What It’s Like to Attend Royal Ascot for the First Time


I was reading Elsa Schiaparelli’s autobiography Shocking Life under a collection of trees in Place Des Vosges last Monday when I received a message from my friend and menswear designer, Stephen Mikhail, encouraging me to join him for this year’s Royal Ascot. The ticket was for Friday which meant I had four days to brush up on British etiquette and prepare a wardrobe. Stressful, sure. But, who am I to ever say no to pomp and circumstance?

For those unfamiliar, Royal Ascot is the annual horse-racing event that takes place in Berkshire, England. Some of the world’s most powerful thoroughbreds and jockeys race on the grand track. But athleticism is not the only reason why people from all corners of the world feel its allure. Royal Ascot is pure pageantry, where members of the British royal family are joined by thousands of spectators who dress in their finest to see and be seen, gossip, and drink from an endless well of champagne. The event has had great significance in the British social calendar ever since Queen Anne founded it in 1711. “Royal Ascot is the last great society event, anywhere in the world,” English socialite Henry Conway tells me. “Nowhere else do you get the heady combination of royalty, power, grandeur, exclusivity, and indulgence.”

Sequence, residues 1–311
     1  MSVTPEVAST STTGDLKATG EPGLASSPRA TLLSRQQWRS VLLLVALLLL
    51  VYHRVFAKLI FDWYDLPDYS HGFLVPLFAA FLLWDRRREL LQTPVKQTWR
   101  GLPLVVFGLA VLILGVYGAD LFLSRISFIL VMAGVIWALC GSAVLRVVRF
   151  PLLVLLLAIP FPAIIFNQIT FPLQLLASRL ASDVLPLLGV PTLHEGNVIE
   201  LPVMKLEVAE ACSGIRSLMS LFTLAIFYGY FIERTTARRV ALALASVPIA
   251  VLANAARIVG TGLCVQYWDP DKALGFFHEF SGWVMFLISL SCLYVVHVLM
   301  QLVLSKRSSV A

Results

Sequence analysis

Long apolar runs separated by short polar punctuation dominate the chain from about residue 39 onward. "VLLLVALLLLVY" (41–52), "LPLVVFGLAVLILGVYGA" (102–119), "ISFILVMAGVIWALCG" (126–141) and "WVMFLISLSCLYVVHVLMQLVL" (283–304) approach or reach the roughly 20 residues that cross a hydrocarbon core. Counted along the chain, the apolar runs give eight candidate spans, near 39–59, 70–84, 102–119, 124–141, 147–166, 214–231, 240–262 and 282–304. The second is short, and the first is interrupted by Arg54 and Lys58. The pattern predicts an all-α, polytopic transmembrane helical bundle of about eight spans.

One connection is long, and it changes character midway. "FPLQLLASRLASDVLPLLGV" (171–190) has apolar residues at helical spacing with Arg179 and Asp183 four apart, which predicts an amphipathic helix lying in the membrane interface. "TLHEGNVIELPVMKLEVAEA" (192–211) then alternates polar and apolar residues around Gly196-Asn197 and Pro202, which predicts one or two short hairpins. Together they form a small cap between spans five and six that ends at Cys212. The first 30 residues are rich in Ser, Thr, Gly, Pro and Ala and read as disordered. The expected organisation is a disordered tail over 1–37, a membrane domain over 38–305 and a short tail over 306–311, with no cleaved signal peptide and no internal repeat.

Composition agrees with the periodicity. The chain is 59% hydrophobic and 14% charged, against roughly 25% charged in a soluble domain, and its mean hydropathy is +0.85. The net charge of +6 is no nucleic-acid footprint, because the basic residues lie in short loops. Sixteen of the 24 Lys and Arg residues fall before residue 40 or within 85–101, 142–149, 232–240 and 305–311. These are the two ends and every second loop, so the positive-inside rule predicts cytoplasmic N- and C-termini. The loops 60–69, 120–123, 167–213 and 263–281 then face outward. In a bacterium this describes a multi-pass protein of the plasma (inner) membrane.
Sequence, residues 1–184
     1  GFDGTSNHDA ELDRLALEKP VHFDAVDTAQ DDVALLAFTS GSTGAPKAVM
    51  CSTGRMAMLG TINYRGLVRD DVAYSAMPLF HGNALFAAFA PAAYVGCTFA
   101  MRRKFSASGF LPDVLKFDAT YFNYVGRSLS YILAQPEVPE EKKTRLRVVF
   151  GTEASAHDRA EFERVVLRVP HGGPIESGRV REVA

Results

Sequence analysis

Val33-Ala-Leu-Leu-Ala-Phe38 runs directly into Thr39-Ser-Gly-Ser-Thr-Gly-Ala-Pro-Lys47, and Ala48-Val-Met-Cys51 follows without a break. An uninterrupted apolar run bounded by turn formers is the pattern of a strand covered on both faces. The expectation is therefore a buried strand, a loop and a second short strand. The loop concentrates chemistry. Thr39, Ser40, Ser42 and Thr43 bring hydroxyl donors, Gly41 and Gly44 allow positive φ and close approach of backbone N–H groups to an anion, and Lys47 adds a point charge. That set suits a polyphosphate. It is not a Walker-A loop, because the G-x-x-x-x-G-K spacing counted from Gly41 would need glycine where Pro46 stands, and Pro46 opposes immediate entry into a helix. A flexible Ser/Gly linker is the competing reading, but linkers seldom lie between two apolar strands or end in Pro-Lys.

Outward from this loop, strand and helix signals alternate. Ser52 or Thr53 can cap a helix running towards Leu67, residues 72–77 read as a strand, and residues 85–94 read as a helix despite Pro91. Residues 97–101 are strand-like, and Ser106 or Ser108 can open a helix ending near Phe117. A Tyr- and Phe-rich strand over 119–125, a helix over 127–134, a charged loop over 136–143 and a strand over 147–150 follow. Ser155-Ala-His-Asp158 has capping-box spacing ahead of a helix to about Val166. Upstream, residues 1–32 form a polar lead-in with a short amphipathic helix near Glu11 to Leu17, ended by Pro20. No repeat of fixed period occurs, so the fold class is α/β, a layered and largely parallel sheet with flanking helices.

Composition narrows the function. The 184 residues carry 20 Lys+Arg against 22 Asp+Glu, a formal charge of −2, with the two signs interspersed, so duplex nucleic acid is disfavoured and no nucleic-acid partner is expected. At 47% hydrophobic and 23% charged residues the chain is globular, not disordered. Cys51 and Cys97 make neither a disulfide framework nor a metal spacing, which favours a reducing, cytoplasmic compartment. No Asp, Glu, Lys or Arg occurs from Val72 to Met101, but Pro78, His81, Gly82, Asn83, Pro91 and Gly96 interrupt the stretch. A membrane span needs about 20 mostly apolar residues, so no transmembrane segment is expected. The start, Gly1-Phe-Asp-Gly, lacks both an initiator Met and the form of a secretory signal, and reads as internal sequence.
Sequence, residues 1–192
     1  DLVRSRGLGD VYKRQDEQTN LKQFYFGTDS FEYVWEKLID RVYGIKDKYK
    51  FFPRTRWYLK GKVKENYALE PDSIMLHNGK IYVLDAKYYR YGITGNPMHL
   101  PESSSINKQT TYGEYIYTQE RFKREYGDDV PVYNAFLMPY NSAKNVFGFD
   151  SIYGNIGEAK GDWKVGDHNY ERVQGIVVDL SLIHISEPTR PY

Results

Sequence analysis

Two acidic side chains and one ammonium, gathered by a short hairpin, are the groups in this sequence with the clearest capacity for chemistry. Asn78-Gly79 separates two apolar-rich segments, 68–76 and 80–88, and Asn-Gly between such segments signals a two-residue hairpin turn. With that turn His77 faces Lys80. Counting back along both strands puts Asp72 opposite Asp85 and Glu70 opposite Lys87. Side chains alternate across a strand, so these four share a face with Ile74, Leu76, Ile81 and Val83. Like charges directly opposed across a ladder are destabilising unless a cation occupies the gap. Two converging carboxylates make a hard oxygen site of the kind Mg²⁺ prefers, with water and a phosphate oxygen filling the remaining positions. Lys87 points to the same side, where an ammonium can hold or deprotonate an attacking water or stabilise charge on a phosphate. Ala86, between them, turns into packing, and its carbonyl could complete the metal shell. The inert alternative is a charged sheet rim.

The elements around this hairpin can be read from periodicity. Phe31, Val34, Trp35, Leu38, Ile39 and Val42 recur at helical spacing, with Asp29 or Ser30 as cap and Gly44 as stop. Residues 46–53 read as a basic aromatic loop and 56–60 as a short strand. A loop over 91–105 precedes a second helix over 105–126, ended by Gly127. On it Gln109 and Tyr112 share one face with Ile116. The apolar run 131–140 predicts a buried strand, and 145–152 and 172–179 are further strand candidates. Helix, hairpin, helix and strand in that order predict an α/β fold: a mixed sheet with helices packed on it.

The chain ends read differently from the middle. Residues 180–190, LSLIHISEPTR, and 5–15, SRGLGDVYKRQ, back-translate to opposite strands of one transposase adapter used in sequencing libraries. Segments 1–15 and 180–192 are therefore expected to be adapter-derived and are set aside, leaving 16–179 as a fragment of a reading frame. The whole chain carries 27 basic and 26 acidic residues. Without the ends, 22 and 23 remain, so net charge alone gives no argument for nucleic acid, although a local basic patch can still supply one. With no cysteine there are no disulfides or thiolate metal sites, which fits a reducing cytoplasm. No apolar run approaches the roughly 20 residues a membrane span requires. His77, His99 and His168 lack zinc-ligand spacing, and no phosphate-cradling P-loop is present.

I set my book down, bought my Eurostar ticket, and got to shopping. See, Royal Ascot tickets have a hierarchy, and where you land on this hierarchy dictates which wardrobe rules you must abide by. If you don’t, you’re simply turned away. I made it my mission not to embarrass my host.

I would be in the Royal Enclosure, the most prestigious ticket of the five-day event, meaning that I had to don a three-piece morning suit, a black or gray top hat free of embellishments, and black oxford shoes that were not patent, but lightly buffed. Below the Royal Enclosure are the Queen Anne Enclosure and The Village Enclosure. Here, men must wear a suit and tie while women are asked to wear dresses and a hat. At the bottom of the hierarchy is the Windsor Enclosure which is free of dress code.

What I Wore

Mikhail, a British-American, further clarified the dress code guidelines for me and recommended I learn the first two lines of “God Save the Queen.” He had the luxury of designing his own gray morning suit made out of lightweight herringbone cashmere which teetered between the traditional and contemporary. “I love Ascot above most other royal events due to its tradition and its adherence to the extraordinarily strict dress code,” he says. “It leaves almost no room for the gentlemen in the Enclosure to experiment, so exceptional tailoring is really what stands out.”



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